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On Standards
J. Morse Loyola, 24 January 2003

Note: some of the specific details mentioned in this article are now obsolete; for example, AOL Time Warner is now just Time Warner; as well, these pages now validate as XHTML 1.0, not HTML 4.01, and the GIF patent finally expired, removing that legal roadblock to using GIF images. I don't feel that these changes detract from the general idea discussed however, so with the exception of the validation link I'm presenting this article as it appeared on the old site. -- /i.

There are three ways to create web pages on this here World Wide Web, and each of them has their limitations. They are, in order of popularity:

  1. It Looks Fine On My Monitor
  2. You Need Hypertext Transponder Version 3.14159 Build 666 To View This Site
  3. This Site Is So Standards Compliant It's Being Reccomended As An RFC

The first way listed here is, unfortunately, the most common. Its adherents don't bother to learn how to do proper markup, because they have pretty little drool-proof tools to do it for them. The more egregious offenders will even have "C:\My Documents\Stupid Image.jpg" as an argument to an IMG tag; yes, I've seen this even on commercial sites. Granted, no one can check their work with every browser out there; after all, when was the last time you fired up charlotte on OpenVMS? Still, I have to wonder - is basic competence too much to ask? The answer to that ought to be obvious to anyone who's voted recently.

A subset of the WYSIWYG jockeys, however, is arguably more annoying: the Browser Requirement people. Here we've built a scalable, public, worldwide network accessible from any kind of hardware with a TCP/IP stack, and some lazy, ignorant tosswit is going to demand that I run the latest Wintel virusware in some godawful resolution just to read whatever snivelling adolescent backwash they could be bothered to mash together? I don't fucking think so, boys and girls. As has been said before, "...by God I KNOW what this network is for, and you can't have it".

Which brings us nicely to number 3, the unbearable pedants. These folk are easy to spot, with their chest-banging braggartry and macho posturing: you'll find link buttons all over the place pointing you to the W3 Consortium's HTML Validator; no doubt the authors will even have a note somewhere talking about why the site doesn't display properly in AOL Time Warner's Netscape Communications Corporation's Communicator 4 Suite. What's even more frustrating about the Standards Pedants is that (repeat after me, class) THEY ARE RIGHT.

I'm sure you can see where I'm going with this, so we'll start off with a demonstration. Let's try to display a PNG image, shall we? Seems simple enough, or so you'd think.

What it should look like:
How our old logo should look

AOL Time Warner's Netscape Navigator 4:
The old VioPac Logo as rendered by NN4

Your browser:
What it looks like in your browser

What's the deal with that?! You'd think the damn thing could display a simple image correctly, wouldn't you. Well, guess what--Navigator 4.71 and higher can't seem to display the black pixels in a PNG graphic. Not only that, but earlier releases couldn't even get that far (which you'll notice if you use, say, Navigator 4.0). And we're not even going to talk about transparency; support for that is so far beyond fucked up it's not even worth a demonstration.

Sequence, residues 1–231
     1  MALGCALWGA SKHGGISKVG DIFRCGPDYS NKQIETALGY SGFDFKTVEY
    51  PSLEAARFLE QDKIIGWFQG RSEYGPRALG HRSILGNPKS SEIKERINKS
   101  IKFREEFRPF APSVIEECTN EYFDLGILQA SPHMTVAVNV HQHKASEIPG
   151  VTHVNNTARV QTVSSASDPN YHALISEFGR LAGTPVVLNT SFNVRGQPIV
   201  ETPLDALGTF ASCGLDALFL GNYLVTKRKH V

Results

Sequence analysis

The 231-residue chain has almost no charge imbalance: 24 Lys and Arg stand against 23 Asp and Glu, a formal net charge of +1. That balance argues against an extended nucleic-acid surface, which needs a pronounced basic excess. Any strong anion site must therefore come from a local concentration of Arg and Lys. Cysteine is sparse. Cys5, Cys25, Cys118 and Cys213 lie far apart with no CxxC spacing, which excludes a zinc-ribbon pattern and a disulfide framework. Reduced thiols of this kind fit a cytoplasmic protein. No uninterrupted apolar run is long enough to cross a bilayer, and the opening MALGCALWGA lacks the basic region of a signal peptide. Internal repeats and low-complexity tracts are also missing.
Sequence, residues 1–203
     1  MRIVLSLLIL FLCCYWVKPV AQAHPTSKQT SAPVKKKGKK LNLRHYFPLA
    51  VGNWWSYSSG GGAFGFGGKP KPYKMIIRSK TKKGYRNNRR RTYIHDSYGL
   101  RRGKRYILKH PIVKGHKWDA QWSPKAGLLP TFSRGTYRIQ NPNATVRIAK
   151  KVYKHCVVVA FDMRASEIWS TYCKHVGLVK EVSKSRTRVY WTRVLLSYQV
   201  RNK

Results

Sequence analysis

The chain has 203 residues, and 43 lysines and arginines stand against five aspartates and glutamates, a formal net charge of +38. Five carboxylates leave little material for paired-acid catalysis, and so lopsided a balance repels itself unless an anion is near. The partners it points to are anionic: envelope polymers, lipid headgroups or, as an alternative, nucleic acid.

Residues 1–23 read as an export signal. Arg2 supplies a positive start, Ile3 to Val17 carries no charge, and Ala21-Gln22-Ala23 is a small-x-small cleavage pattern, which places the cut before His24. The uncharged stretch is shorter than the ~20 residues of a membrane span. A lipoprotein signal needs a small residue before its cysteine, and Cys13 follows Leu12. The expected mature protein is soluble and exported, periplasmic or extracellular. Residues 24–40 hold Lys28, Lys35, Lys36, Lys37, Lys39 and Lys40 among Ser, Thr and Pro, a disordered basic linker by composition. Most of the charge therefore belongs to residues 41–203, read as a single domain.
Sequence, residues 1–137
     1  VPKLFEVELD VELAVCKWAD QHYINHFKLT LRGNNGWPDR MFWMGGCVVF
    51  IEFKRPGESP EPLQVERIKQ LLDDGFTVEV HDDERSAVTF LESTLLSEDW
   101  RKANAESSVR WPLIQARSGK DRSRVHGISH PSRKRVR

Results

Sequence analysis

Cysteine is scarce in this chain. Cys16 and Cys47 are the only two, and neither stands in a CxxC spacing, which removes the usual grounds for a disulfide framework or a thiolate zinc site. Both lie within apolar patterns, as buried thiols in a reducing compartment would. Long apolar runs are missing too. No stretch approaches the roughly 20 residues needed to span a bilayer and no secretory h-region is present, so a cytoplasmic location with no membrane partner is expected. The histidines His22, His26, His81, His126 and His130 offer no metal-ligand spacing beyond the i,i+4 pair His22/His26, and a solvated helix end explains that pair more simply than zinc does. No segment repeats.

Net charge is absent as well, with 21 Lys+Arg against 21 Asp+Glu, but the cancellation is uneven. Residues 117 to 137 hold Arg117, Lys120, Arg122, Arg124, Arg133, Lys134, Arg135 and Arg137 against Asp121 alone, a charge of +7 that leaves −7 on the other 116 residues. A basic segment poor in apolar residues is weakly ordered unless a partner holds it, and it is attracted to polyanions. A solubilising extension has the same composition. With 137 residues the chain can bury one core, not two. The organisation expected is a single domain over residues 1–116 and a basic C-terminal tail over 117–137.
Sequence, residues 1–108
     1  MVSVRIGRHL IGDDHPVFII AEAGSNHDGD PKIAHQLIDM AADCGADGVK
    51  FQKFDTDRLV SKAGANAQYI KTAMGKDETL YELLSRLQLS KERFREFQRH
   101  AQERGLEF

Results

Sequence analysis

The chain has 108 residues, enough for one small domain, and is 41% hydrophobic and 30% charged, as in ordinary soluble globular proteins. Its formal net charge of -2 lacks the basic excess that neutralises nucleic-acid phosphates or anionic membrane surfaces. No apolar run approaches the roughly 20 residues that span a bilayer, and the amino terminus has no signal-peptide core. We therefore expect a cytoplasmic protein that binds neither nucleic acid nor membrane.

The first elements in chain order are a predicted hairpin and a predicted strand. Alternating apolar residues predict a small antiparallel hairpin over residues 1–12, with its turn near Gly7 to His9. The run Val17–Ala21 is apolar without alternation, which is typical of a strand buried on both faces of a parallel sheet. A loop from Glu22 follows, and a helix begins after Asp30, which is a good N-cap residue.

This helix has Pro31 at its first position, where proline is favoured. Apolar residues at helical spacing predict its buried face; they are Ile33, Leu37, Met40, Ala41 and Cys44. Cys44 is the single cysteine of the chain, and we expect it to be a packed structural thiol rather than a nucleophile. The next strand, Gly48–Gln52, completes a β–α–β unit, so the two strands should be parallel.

Why not just use GIFs, then? Why bother with this "PNG" thing at all, when a bright, shining, and established standard already exists--GIF! That answer is simple: I can't afford to. Unisys, who own the GIF patent, have been demanding that sites that use GIF images pay them licensing fees. See what happens when you try to create standards based on non-free code? PNG is an established standard that is not based on code that could get you sued, so that's what we use. For more info on the debate, have a look at burnallgifs.org.

But wait, there's more! Another WWW standard is Cascading Style Sheets, or CSS2. CSS is a way of assigning the same value to a tag--a color, for example--across an entire web site. This makes it orders of magnitude easier for a designer to change, say, the background color on all the different pages. Instead of making the change on every page, he or she just has to do it once, and the change is applied to every page on the site. Sounds great, don't it?

Of course, neither AOL Time Warner's Netscape Communications Division nor Microsoft Corporation got that right. They both tried to extend control over it in an attempt to lock out the competition, and to a degree they were both successful: they just about managed to lock us out of the very same system we built for them. Microsoft Corporation may have won the browser war, but the rest of us were the real losers.

With that in mind, our stance on the Usability vs. Standards debate is that we will do what we can to make things show up properly in your browser, but we have to draw the line somewhere. Mind you, we don't require any browser more powerful than telnet to read the content of the site, but some of the more flashy bloat--like images--might look a little strange in older browsers. We are left with no other reccomendation than that the time has finally come to put the generation 4 browsers to rest, bite the bullet, and upgrade.


[ Valid HTML! ]     [ Valid Editor! ]     [ Valid CSS! ]

1 I'd love to test Microsoft Corporation's Internet Explorer, but I can't. They don't make it available for any platform I have access to, nor have they made the source code available. Too bad, so sad, their loss.
2 Some may argue that Cross-Site Scripting is also a web standard, and they're probably right.

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